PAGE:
Senate and Assembly Voting Sessions Move Key Bills
In the last session before Election Day, the New Jersey Senate and Assembly voted on several bills including those related to school bus safety, workers compensation and firearms. Two NJSBA-supported bills also moved closer to the Governor’s desk just before all eyes turn to the returns on Election Day.
A package of bills focused on school bus safety headed to the Governor’s desk. They were prompted by a deadly school bus accident on Route 80 earlier this year. The bills are focused on vetting drivers more regularly and imposing penalties for drivers who have been issued motor vehicle violations. Other bills require stricter reporting guidelines for drivers whose licenses have been suspended or revoked, school bus drivers to submit medical certificates to the Motor Vehicle Commission to prove continuing physical fitness to drive a school bus, and to comply with certain federal regulations related to school bus operations. The association took no position on these bills.
The Senate voted 26-12-0 to pass S1967 (Sweeney), which would provide annual cost-of-living increases in weekly workers’ compensation benefits for public safety workers who become totally and permanently disabled from a workplace injury.
The NJSBA initially opposed the bill, seeking an amendment to preserve the reverse offset, which would reduce the benefit of a worker who is also receiving disability insurance. That amendment was made. However because changes to the federal law may affect this amendment, the association continues to monitor the bill’s movement in the General Assembly, where it has not yet been heard in committee.
The state Senate unanimously passed a bill that would develop an information technology platform to uniformly collect, process and track benefits applications under the Medicaid program. The sponsors of S499 (Vitale) said it aims to improve the current system for eligibility determination for the Medicaid and NJ FamilyCare programs, a move that the NJSBA supports because it promotes uniformity and predictability in these applications. Its assembly counterpart, A4569 (Downey), is pending in the Assembly Human Services Committee. The Association continues to monitor its progress.
On the state Assembly side, A2869 (Jones) was passed by a vote of 77-0 to repeal a law that established the optional will registry. The NJSBA supports the measure because the registry is not widely used and causes additional work for surrogates. There is no companion bill.
Federal Election Update – Democrats Enjoy “Safe” Predictions And Anticipate Gains in Republican Strongholds
On Election Day, New Jersey will vote on the fate of United States Senator Robert Menendez, who has a strong challenger in pharmaceutical magnate Bob Hugin. Health care has been a leading topic of discussion this election season. Menendez is being identified with helping draft the original Obamacare bill and Hugin is being identified with high pharmaceutical drug costs.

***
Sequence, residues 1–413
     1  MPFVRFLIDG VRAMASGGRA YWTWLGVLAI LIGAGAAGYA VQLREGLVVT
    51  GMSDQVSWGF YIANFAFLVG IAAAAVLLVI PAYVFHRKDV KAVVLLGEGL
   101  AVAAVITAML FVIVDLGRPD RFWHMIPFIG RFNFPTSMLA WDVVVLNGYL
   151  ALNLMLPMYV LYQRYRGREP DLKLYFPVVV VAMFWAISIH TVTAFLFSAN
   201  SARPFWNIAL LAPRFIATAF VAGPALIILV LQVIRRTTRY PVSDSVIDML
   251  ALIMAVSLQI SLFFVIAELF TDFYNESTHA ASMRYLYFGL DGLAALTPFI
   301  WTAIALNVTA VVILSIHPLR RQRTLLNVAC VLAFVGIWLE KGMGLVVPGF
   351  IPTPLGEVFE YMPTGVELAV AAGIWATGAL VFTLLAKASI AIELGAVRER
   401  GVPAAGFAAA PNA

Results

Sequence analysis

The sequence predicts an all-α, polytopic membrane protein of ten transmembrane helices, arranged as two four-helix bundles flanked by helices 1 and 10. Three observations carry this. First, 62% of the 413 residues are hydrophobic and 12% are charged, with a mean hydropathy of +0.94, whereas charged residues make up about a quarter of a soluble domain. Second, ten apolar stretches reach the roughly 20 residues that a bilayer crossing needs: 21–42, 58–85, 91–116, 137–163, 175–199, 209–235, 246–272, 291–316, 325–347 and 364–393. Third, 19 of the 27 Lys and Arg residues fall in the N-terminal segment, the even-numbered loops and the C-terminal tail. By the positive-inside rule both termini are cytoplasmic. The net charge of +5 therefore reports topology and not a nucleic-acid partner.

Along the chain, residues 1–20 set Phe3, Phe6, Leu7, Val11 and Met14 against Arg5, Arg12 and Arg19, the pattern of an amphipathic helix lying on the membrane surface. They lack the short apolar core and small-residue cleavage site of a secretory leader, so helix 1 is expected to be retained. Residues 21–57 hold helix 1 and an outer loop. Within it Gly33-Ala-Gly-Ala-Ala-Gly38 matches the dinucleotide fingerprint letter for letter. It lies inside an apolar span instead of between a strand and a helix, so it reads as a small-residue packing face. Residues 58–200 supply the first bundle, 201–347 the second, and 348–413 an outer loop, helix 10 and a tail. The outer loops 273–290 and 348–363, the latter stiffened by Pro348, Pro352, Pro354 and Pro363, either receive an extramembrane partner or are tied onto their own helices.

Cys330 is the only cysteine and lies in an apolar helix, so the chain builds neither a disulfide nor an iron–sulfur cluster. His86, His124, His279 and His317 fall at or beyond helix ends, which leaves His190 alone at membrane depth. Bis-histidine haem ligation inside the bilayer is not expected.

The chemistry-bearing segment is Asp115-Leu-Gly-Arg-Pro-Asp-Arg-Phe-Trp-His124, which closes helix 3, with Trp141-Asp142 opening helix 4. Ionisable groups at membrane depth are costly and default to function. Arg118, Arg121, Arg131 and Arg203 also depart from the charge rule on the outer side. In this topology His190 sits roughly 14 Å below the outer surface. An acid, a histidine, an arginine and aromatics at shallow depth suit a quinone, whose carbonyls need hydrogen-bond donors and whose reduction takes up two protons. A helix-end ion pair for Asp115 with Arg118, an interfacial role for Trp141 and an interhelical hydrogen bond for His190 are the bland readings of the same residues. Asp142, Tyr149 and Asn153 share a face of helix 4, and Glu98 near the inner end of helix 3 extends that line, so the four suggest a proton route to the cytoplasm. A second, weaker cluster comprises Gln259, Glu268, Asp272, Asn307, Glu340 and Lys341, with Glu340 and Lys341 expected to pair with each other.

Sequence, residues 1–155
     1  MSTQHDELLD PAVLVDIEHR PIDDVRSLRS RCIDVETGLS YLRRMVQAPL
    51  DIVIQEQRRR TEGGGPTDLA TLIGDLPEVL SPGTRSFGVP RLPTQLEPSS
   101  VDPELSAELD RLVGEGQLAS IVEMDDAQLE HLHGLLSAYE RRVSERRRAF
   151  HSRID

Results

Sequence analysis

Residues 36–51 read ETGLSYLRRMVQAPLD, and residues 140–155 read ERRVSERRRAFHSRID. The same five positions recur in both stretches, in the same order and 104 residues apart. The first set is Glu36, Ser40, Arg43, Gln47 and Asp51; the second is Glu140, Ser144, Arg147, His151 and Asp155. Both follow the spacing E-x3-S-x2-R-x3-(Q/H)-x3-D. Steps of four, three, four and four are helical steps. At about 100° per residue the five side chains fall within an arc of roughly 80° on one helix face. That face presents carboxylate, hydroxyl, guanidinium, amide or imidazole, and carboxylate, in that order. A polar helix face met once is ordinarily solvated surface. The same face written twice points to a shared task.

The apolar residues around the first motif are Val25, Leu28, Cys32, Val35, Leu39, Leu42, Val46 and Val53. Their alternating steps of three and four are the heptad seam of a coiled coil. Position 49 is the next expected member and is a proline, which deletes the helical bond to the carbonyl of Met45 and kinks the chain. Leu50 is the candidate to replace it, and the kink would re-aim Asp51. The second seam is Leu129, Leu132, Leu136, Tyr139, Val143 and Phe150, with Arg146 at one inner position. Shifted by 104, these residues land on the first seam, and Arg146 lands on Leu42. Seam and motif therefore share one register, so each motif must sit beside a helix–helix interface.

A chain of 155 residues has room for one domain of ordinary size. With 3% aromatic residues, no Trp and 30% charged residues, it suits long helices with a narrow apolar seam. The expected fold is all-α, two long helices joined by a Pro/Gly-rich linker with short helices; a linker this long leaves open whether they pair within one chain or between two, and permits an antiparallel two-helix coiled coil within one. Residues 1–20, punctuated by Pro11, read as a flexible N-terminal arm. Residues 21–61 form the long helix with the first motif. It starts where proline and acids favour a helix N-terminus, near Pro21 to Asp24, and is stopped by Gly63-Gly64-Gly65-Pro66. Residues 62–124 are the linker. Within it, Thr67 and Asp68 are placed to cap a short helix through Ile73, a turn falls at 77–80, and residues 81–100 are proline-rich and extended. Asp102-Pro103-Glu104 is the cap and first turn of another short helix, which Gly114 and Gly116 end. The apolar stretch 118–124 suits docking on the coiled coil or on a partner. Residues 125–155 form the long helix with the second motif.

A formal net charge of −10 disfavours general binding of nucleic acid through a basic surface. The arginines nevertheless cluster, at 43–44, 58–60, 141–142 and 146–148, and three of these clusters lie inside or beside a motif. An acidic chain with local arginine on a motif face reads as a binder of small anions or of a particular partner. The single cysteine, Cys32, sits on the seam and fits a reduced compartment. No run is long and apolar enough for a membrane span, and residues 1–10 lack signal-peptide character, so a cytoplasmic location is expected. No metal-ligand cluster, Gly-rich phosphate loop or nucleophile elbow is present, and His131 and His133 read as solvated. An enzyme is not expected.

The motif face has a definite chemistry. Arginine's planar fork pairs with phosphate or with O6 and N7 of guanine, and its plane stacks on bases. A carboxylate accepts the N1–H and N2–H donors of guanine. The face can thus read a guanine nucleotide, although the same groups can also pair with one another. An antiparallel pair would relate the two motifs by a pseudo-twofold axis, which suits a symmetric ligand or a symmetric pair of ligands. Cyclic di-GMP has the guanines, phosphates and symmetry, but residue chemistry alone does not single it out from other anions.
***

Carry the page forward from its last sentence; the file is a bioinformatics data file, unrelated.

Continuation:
On the congressional level, many New Jersey races have been predictable given the district breakdowns, but with recent events fueling the narrative, only one Republican, Chris Smith in the 4th Congressional district, enjoys a “safe” status while six of the seven Democratic incumbents enjoy “safe” or “solid” status, according to a recent release from Cooks Political Report. The report labeled Josh Gottheimer as a “likely Democratic seat.” The Republican toss-ups include:
Congressional District 2:
Democratic state Senator Jeff Van Drew is vying for the open seat being vacated by Frank LoBiondo, a 24-year Republican incumbent. He is facing attorney and former Atlantic City Councilman Seth Grossman and enjoyed a lead in the polls to turn this seat blue, at the time of publication.
Congressional District 3:
Republican incumbent Tom MacArthur is facing a strong challenge from Democrat Andy Kim, a former diplomat and director of Iraq for the National Security Council under President Obama. MacArthur is widely recognized as a strong ally of President Donald Trump. The latest polls showed the two in a statistical dead heat.
Congressional District 7:
Republican incumbent Leonard Lance is in a tight battle with former Obama State Department official Tom Malinowski. Recent polling showed the two in a statistical dead heat, with Malinowski taking a slight lead.
Congressional District 11:
Republican state Senator Jay Webber, a lawyer, is vying for the open seat left by 12-term incumbent Rodney P. Frelinghuysen against Democrat Mikie Sherrill. Sherrill is a former Navy helicopter pilot and former federal prosecutor. She has never served in public office. Recent polls showed Sherrill with a double-digit lead over Webber, at the time of publication.
This is a status report provided by the New Jersey State Bar Association on recently passed and pending legislation, regulations, gubernatorial nominations and/or appointments of interest to lawyers, as well as the involvement of the NJSBA as amicus in appellate court matters. To learn more, visit njsba.com.